Sex the Measure of All Things
A Life of Alfred C. Kinsey
A balanced, moving, humane portrait of one of this century’s great researchers and social reformers.
"America produced Alfred Kinsey, but he’s big enough to go around." —Elaine Showalter, Times Literary Supplement
"A deeply humane book...This biography’s vivid portrait of a genius possessed is so compelling that you end up caring more about the man than the science. Kinsey is one of the most fascinating and influential figures of the century, a flawed visionary whose brave and amusing experiences are a testament to the rich complexity of human sexuality...With grace and wit Gathorne-Hardy has given us the full measure of the man." —Michael Shelden, Daily Telegraph
"At exactly the right moment, Jonathan Gathorne-Hardy has produced a serious study of Kinsey, of the man and the work...This is the book we needed to cap Kinsey’s work of liberation at this century’s end. —Gore Vidal
For Gathorne-Hardy, Kinsey is primarily an artist, a collector, a novelist, a mythologist. He is a pioneer of modernism, along with Lawrence, Henry Miller and Picasso, and a philosopher of sexuality, along with Foucault. These may sound like strange bedfellows for the son of a strict Methodist family, growing up in small-town America. But in making Kinsey part of a global twentieth-century culture, Gathorne-Hardy opens the way for other scholars and critics to read the life and the work from a variety of intellectual and national perspectives.
Alfred Kinsey was this century’s first scientifically reputable and most influential researcher into sex. His Sexual Behavior in the Human Male (The Kinsey Report), published in 1948, was an explosive bestseller, followed in 1953 by his even more radical statistics on female sexuality — both based on over 18,000 case histories. But Kinsey’s exploration went much further than that. Bisexual, he experimented with many of the behaviors he was hearing about; and his wife and close colleagues experimented too. He pioneered observation and filming of sexual activity, the findings anticipated, and confirmed by, Masters and Johnson thirty years later. The revolutionary nature of his views on female sexuality could not become current until the feminism of the 1970s and 80s. There have been suggestions that his bisexuality and his courageous personal exploration biased his research. In fact, the reverse is true—they partly explain why it was so successful and, in a field where only approximations are possible, more accurate than any since. Except where the culture has changed (with pre-marital sex, for example), all his major findings—including his figures on homosexuality—still stand up. As a result, his data (only 10% went into his two vast books) is still being actively mined today.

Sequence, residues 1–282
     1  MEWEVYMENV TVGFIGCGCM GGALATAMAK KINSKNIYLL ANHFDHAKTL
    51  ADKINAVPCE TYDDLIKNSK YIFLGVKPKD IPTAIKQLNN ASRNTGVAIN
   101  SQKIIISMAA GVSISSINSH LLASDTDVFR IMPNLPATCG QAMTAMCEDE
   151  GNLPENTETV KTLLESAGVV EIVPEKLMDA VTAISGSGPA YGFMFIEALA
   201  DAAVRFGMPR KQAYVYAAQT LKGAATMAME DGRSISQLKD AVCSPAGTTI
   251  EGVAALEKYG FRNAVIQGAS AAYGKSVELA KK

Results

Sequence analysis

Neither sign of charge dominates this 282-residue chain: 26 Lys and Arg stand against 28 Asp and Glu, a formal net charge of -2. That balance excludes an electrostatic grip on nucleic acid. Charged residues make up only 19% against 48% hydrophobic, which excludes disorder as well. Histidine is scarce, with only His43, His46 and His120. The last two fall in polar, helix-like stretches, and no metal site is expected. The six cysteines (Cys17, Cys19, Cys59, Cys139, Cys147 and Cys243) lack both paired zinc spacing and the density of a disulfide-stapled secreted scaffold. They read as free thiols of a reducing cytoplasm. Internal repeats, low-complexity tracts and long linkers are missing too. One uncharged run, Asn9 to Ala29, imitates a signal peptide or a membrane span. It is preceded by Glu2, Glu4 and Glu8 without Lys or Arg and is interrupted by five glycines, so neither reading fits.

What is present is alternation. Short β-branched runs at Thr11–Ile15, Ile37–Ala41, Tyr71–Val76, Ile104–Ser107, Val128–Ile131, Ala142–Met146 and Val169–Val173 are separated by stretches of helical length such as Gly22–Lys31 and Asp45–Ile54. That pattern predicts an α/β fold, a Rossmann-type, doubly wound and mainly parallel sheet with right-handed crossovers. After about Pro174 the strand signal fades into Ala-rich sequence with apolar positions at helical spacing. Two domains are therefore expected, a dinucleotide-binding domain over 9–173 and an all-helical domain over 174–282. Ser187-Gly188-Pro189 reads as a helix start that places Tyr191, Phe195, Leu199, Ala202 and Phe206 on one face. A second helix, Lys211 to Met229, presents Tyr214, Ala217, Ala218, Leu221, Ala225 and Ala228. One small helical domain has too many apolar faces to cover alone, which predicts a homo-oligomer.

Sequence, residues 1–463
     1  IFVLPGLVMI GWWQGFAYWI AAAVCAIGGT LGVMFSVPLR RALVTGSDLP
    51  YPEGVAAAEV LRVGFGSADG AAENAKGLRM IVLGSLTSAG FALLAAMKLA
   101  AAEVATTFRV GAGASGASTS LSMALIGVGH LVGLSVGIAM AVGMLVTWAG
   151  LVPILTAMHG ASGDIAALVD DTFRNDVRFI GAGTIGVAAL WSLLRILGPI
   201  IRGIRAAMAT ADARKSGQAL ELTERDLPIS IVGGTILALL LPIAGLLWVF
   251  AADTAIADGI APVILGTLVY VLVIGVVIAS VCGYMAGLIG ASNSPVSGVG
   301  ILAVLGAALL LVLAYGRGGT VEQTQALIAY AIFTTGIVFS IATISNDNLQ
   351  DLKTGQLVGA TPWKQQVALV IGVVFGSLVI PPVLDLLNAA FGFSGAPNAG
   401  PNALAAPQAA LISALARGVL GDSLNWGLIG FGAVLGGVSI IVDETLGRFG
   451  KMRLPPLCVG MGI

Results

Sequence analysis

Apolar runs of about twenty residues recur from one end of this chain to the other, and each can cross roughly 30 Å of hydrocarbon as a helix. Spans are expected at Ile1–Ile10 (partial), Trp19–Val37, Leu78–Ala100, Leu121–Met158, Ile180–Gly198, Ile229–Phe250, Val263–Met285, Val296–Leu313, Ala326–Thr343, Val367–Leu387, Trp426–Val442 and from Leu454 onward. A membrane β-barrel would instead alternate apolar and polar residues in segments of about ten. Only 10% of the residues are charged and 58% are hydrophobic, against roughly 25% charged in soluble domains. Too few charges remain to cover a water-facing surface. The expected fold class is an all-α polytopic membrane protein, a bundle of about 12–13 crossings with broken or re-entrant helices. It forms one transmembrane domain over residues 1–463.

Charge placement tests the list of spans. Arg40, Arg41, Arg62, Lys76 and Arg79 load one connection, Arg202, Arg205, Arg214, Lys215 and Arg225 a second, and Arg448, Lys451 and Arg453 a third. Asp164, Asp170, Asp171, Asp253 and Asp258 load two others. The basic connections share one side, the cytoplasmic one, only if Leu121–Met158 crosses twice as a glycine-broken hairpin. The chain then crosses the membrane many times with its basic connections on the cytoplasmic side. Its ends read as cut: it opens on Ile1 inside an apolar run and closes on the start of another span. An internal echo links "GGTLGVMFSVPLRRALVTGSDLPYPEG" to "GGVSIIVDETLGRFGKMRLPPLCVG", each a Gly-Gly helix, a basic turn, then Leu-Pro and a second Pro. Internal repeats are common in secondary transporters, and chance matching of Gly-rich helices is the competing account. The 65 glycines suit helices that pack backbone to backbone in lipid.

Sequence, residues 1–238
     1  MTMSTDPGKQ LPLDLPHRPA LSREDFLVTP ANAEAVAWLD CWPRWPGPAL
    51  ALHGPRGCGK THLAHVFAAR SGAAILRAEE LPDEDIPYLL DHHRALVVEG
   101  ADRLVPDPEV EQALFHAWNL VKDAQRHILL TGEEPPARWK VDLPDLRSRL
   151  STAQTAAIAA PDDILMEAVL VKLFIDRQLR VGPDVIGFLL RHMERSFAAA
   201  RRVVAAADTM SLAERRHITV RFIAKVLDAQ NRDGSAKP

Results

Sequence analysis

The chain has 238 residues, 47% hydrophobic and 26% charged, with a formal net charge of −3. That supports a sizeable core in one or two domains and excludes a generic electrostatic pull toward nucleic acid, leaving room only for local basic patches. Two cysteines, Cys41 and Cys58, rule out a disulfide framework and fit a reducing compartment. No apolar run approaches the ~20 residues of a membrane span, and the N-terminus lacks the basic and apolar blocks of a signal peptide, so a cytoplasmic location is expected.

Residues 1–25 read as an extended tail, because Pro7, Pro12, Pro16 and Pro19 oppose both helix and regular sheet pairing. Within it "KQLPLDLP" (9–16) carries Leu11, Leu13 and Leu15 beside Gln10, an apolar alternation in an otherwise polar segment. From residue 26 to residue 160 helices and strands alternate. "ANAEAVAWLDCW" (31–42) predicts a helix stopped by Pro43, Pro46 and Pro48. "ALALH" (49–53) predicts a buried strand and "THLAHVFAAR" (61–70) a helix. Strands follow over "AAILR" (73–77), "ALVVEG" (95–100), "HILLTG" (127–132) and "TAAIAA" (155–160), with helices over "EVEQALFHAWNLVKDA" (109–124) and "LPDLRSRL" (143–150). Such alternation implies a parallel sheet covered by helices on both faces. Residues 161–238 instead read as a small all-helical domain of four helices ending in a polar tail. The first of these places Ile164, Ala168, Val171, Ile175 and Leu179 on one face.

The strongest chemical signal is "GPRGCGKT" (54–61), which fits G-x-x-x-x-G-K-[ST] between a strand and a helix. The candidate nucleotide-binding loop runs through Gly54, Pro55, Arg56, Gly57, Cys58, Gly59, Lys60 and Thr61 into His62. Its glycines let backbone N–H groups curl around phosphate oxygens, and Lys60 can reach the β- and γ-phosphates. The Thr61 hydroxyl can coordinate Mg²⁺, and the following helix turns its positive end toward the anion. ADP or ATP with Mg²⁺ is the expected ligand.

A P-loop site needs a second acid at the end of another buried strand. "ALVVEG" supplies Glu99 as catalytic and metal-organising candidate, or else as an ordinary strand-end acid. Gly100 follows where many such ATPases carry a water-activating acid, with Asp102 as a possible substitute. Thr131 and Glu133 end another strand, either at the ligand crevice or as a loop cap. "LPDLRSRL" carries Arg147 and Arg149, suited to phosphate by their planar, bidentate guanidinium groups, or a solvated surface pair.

This fascinating biography describes Kinsey’s strict Methodist upbringing, his love of minute observation which he applied first to academic entomology and then to human sexuality, and the obsessive work ethic that contributed to his death. Kinsey is perhaps even more controversial today than he was when his work was first published. Other researchers and religious groups have attacked his work from different perspectives. The man himself has frequently been lost in all of the claims and counterclaims, attacks and defenses, as well as the efforts to make him conform to predetermined theories about his personality and behavior. Gathorne-Hardy’s literate, humane work is the first major biography to give a balanced portrait of one of this century’s pioneering researchers and social reformers. He has interviewed in depth surviving family members, close colleagues, friends, lovers. He reveals, in this subtle, often witty, penetrating study, not just a series of new revelations, but whole new aspects of this complex, difficult, contradictory, heroic, obsessive, and ultimately sympathetic man.
Jonathan Gathorne-Hardy is the author of The Rise and Fall of the British Nanny and The Public School Phenomenon. He has also written a biography of Gerald Brenan, The Interior Castle.
List of Illustrations
Part I: Laying the Patterns: 1903-20
1. Childhood in Hoboken: 1894-1903
2. South Orange to Bowdoin College: 1903-14
3. College—and First Appearance of the Gall Wasp: 1914-20
Part II: Bloomington, Galls, Marriage—First Steps into Sex Research: 1920-39
4. The Married Professor
5. Sex Life
6. Gall Wasp Triumph
7. The Marriage Course
8. A Brief History of Sex Research
Part III: Sex: The Male Volume
9. How to Get at the Truth
10. Money, Support, Attacks—The Shape of Things to Come: 1941-3
11. Kinsey at his Exercise: 1943-4
12. Racing for the Male Report: 1944-7
13. Writing the Male Volume—Science and Self-expression: 1947
14. Publication: Criticism, Praise, Success!
Part IV: Sex: The Female Volume
15. Money—Branching Out—Kinsey’s Sexual Experiments: 1948-9
16. Expansion—and Discovering the Female: 1949-50
17. Filming—"Philosophy"—Women—Writing—Wescott: 1950-1
18. Bisexuality—and the Case Against Kinsey
19. Writing and Publication of the Female Volume—Science as Sex and Literature
20. The Paper Explosion
Part V: Decline and Fall
21. Money—and Deterioration: 1953-5
22. Europe: October-December 1955
Brief Note on Sources
Published Works by Alfred C. Kinsey